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Due to a complex and poorly understood mechanism of action, only two medications are currently approved for the treatment of ALS. A multicentre trial was recently carried out in Germany to determine whether rasagiline could improve survival rates in patients with ALS when used with one of these currently approved drugs.
Amyotrophic lateral sclerosis (ALS) is a neurodegenerative disease characterized by progressive muscle weakness and deteriorating motor activity. In late stages, most patients succumb to breathing difficulties. Patients with ALS have a median survival of two to three years after the onset of the disease, and there is no known cure.
Few treatment options available for ALS
Few treatment options are available to patients with ALS, with only two FDA-approved drugs on the market. Riluzolecan prolongs survival by a few months while edavarone has been shown to improve functional scores in certain subsets of patients. Rasagiline is a drug that has shown therapeutic activity in the treatment of Parkinson’s disease by inhibiting the breakdown of dopamine and serotonin in the body. Its use in studies of mice with ALS has been associated with prolonged survival rates.
How effective is rasagiline as an add-on therapy?
Investigators in Germany carried out a multicentre, randomized, controlled, phase-2 trial to investigate the potential of rasagiline as an add-on therapy to riluzole. Their work was published in The Lancet Neurology.
Patients with ALS who had been living with the disease from 6 to 36 months and had been taking riluzole daily for at least 3 months prior were enrolled. Participants received either riluzole and rasagiline or placebo daily for a treatment period of 18 months. Clinical and physical examinations were administered 2, 6, 12, and 18 months after the first visit. The main outcome measured was survival.
A total of 252 patients were enrolled in the study. No significant difference in survival between placebo and rasagiline groups was found. At the end of the 36-month treatment period, the survival rate was 53% in the placebo group and 43% in the treatment group. The rate of adverse events was similar across groups, with most adverse effects attributable to the progression of the disease.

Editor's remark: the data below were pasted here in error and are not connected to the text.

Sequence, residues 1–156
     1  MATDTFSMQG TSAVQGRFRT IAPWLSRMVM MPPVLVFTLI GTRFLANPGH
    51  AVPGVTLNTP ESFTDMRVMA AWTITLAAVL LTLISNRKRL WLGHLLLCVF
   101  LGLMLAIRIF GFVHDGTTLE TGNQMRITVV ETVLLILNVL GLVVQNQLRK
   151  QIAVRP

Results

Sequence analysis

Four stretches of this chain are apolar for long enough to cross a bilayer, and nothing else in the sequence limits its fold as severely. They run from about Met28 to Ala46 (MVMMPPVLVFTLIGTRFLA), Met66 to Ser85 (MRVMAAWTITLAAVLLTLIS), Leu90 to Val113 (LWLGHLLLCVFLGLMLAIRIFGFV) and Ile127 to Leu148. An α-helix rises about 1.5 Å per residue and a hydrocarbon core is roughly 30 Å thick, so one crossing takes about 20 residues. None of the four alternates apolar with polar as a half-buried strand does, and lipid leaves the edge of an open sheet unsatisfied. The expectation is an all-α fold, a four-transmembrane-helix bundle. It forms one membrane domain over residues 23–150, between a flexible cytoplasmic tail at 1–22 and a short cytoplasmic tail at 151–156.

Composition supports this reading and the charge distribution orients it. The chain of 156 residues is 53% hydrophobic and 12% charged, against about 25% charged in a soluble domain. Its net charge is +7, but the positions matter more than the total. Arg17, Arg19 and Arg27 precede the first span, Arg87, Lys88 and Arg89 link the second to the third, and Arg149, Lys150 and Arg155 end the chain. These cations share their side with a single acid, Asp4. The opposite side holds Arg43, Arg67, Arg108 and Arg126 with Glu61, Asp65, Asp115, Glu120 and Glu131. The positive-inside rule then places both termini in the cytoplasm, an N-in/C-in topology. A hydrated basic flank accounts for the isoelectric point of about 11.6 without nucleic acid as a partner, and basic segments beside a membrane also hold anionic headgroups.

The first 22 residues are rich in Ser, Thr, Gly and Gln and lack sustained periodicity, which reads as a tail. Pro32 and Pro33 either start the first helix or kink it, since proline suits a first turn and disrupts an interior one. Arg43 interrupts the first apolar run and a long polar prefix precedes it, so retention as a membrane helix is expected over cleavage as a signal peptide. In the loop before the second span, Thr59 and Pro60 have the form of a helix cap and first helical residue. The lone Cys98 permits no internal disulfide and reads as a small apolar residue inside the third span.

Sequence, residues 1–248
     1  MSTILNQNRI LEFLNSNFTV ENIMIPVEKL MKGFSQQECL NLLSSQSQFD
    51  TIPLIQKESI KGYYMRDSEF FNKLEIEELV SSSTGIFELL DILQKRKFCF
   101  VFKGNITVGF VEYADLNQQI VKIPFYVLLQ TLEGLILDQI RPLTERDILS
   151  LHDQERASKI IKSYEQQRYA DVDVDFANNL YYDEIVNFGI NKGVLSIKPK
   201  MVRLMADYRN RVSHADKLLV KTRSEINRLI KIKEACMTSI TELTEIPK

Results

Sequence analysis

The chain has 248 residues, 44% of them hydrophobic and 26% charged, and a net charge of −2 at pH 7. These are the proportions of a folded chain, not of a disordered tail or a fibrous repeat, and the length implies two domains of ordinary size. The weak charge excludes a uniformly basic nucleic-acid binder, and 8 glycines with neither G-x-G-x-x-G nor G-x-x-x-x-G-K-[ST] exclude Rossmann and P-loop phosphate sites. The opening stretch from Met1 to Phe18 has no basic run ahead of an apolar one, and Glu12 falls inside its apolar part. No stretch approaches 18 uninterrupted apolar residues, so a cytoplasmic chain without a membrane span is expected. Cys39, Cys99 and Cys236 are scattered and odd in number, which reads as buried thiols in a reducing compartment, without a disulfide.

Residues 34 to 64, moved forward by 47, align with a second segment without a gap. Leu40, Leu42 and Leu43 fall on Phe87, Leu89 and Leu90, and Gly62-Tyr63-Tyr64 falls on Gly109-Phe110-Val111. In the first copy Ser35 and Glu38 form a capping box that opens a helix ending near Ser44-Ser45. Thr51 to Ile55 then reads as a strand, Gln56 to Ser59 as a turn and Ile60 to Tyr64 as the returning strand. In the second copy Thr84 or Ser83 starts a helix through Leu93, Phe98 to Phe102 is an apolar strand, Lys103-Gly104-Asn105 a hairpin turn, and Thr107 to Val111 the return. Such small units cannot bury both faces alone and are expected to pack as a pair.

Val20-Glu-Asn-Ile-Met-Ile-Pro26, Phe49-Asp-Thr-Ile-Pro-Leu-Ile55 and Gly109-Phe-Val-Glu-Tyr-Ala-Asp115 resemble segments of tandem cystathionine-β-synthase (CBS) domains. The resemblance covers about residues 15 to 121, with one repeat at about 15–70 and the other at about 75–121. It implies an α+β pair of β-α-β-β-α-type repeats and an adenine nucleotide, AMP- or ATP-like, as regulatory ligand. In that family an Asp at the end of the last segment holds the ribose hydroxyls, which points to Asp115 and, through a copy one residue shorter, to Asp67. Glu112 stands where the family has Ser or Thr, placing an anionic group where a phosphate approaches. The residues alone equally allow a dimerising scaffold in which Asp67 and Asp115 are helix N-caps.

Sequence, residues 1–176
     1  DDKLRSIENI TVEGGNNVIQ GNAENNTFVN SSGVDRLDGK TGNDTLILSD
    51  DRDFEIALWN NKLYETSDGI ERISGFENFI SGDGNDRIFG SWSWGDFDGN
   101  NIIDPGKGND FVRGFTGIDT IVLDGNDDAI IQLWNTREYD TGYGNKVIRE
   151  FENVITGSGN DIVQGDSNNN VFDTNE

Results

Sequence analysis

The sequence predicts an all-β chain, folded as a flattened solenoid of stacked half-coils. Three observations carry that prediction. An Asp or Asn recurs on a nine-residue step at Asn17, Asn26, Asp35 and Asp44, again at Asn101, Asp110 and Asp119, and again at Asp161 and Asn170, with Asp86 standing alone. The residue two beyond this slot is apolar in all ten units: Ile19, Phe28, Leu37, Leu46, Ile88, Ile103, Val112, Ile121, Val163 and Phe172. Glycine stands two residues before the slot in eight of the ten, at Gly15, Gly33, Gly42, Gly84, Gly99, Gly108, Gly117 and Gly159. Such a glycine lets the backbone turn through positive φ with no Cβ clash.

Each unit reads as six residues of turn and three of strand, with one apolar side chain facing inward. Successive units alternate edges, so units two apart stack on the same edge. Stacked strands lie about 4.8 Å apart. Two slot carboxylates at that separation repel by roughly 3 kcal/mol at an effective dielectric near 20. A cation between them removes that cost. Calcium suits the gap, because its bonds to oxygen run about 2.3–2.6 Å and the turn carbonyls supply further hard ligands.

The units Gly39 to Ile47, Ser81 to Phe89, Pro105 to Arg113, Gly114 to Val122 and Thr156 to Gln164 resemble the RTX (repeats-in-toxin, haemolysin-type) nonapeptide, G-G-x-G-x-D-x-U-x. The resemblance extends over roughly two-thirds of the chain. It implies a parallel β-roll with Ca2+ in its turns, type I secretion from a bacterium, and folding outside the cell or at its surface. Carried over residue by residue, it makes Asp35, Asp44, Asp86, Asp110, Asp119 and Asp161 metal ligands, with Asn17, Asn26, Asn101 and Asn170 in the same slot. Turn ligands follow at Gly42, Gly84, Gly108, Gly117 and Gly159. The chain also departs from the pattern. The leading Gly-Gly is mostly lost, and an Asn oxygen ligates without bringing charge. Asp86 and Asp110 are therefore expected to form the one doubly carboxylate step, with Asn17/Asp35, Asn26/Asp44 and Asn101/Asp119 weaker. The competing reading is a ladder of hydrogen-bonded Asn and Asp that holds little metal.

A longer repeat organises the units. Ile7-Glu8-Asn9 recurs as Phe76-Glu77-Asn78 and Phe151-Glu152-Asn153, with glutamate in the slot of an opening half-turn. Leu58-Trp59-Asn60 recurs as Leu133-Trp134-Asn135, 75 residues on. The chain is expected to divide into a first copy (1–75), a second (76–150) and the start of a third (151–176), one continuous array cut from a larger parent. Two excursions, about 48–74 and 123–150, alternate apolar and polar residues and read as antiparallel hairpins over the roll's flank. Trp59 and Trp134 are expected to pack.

Future trials should consider disease progression rate
Exploratory analysis suggested that rasagiline may have slowed the progression of the disease during the first six months of treatment. However, this effect may be due to a higher number of rapidly progressing patients being sorted into the placebo group instead of the rasagiline group.
The study authors suggest that group allocation in future trials should factor in disease progression rate to determine the extent of this effect. If rasagiline does have a disease-modifying effect in the first six months of treatment, it would be a welcome addition to the limited handful of treatments available for ALS.
Written by Agustin Dominguez Iino, BSc
Reference: Ludolph AC et al. Safety and efficacy of rasagiline as an add-on therapy to riluzole in patients with amyotrophic lateral sclerosis: a randomised, double-blind, parallel-group, placebo-controlled, phase 2 trial. Lancet Neurol. 2018 Aug;17(8):681-688. doi: 10.1016/S1474-4422(18)30176-5. Epub 2018 Jun 19.